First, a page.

Tag Archives: Oslo cardigan

Oslo cardigan forever!

I confess I made this version of the Oslo cardigan at the beginning of September – in fact I made two almost identical but can only show you the cardigan I kept.

oslo cardigan

This is the purple sweater knit from Truro Fabrics (sorry cannot find it on their website) made into the Oslo cardigan available in Seamwork, Colette Patterns’ online magazine.  I have made this before out of a red cotton mix sweater knit and it has been a summer stalwart.  In fact I wore it when I was in Cornwall and my Mum liked the style so much that the purchase of purple sweater knit in Truro was already earmarked for two Oslo cardigans.  I bought three metres- it was like carrying a couple of pillows around with me in shopping bags!

This picture so cracks me up

This picture so cracks me up

My Mum knew this would be a birthday present for her and requested shorter sleeves, as that’s her style.  So I made one with the regular long sleeves (& yummy long cuffs- the sleeves cover up wrists so well when it’s cold) – & the other I made with slightly shorter 3/4 sleeves and drafted a different cuff arrangement – it was wider (as the sleeve would be when it is shorter) & not as deep.  I am really sorry I didn’t take any pics, but you can probably imagine it?

This is the technical drawing.  I have not added fastenings to either of my Oslo cardigans so they just hang open unless I clutch them around me, as demonstrated above  🙂

Oslo cardigan

I made them both at the same time, sewing all of it on my overlocker.

oslo cardigan I think it’s the colour as much as the style that makes this such a useful cardigan.

oslo cardigan

For the making notes, have a look at my previous Oslo cardigan as nothing much changed (except my overlocker blade – a huge difference in sewing those triple thickness seams at the join of collar to cardigan!).  I also used wondertape again to set the hem before I sewed it.

The other benefit from these cardigans?  I had enough left over to make an Astoria sweater- but haven’t worn it yet.  I will update you after the opportunity for some trials!  I do find that there are some really good wardrobe builders in the Seamwork package, and did you know the subscription operates differently now?  You collect pattern credits & can choose which patterns to use them on.  I haven’t tried it out for myself yet, so can’t tell you any more than that, but it seems more of a flexible system?  oh to have the hours in the day to sew everything you fancy …

Wearing notes: With my Oslo cardigan, my Itch to Stitch Carey top and my embroidered  Ginger jeans.

Seamwork Oslo cardigan

I finally got round to making up one of the patterns from the very first Seamwork magazine, from Colette Patterns.

oslo

Yes, my Dad took these photos!

This is the Oslo cardigan in red. This is some kind of a sweater knit that I had in my stash (cheap from Abakhan once upon a time). It has a loose knit & a degree of cotton in the fibres. But anymore than that I do not know. It appeared to be prone to unravelling more than your usual knit, so I was prepared to treat the cut edges with care & as always  make sure everything was finished with my overlocker.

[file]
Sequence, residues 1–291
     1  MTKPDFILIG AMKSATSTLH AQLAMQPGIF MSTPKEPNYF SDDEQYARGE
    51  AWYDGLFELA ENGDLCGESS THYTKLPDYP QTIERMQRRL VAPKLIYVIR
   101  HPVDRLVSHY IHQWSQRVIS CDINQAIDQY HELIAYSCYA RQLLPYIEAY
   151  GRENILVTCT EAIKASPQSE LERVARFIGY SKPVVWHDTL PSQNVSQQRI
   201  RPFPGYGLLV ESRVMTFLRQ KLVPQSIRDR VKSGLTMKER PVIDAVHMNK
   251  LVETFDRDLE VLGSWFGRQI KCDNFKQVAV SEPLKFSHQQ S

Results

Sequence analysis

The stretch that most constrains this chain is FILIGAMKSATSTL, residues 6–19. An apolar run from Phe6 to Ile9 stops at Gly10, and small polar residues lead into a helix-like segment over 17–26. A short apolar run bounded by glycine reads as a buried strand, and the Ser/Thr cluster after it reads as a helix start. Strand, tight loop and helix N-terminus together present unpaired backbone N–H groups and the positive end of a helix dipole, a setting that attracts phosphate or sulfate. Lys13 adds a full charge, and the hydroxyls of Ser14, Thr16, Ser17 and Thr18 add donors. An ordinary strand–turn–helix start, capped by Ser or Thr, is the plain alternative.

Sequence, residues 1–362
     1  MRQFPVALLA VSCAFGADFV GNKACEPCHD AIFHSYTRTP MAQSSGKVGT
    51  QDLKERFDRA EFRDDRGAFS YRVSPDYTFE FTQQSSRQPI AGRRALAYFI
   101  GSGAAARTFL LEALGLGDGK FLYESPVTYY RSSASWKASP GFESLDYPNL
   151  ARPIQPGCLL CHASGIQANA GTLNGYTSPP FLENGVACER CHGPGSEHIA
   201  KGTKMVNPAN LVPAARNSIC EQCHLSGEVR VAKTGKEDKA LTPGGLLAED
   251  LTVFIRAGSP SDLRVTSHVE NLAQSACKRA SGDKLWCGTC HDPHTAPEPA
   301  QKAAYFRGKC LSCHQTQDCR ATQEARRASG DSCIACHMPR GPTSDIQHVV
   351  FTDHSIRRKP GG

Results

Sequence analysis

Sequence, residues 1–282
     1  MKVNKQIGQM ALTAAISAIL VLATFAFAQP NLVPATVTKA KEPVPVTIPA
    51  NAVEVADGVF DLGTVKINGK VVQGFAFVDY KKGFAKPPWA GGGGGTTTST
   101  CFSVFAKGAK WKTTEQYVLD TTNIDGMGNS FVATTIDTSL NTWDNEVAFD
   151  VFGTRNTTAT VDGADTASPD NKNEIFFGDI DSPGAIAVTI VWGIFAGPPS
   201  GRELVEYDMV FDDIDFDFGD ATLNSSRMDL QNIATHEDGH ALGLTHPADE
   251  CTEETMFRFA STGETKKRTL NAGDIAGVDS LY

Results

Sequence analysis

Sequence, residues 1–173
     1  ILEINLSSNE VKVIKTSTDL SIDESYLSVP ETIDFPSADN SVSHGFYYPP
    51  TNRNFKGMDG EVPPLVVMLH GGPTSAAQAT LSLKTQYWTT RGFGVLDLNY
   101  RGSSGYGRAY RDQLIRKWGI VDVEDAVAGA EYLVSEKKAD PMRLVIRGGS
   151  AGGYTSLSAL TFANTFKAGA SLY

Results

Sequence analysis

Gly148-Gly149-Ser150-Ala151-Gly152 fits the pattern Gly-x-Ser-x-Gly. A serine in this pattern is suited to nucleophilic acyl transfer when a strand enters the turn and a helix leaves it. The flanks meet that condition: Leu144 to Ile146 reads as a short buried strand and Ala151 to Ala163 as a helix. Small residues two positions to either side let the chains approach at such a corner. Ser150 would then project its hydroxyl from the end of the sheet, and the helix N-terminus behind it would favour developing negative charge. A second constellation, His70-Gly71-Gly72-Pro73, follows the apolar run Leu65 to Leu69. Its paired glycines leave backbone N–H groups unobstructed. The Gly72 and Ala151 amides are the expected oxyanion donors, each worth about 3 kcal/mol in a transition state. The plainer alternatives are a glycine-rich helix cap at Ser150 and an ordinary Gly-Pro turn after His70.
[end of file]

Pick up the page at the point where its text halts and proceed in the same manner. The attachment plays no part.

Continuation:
oslo 2

Anyway, the Oslo is a cosy cardigan, well suited to snuggling when made in something warm, but I made it up in this light weight knit with great swing, as a summer knit. I rushed it in time for my Cornish Whitsun week away as my other red cardigan has suffered from a traumatic visit to the vet’s & the lacerations caused by poor Merlin’s razor sharp claws (& you should have seen the dress & my skin underneath!) have rendered it rather scruffy….

oslo 3

Armed with the knowledge that this wardrobe building pattern is a quick make – this is the premise for the Seamwork patterns- I took to making it up in time for my holiday. And I wasn’t disappointed. It is simple to make – as with most knit tops sleeves are inserted flat, then the side seams & sleeve seams sewn in one operation. The sleeves are finished with cuffs & the cardigan’s hem is stitched before attaching the long collar along the front & neck edges in one long go.

oslo 4

I love the long collar.

oslo 5

Ooops, eyes closed!

Are you interested in a hem sewing tip for loose knits that are more likely to flute out at their edges? I find that using some kind of hemming tape that dissolves after the first wash (like this but mine was something different) is a great way to control the hem edge where you want it, much more thoroughly than pressing it would achieve.

oslo 6

I’ve really enjoyed having a cardigan like this to wear. I haven’t added any fastenings to it, but it is so very arm-huggingly-wrappable – that pose that often gets assumed by the seaside, to keep the sea breeze at bay!

oslo 7

The cuffs are vvveeerrrryyyy long too, so they can be folded to keep your wrists warm, or unfolded to snuggle chilly hands.  This is the pattern I will use for at least one of my purple cardigans– for my Mum.  She wants a cardi with 3/4 or even 1/2 length sleeves.  She’s a layering lady!

And following on from its original week away by the sea, it is a great casual cardi, worn with the ‘more casual’ side of my wardrobe.  At the moment I am sat writing wearing it with a white vest top & my Floral Hudsons.  It’s getting worked!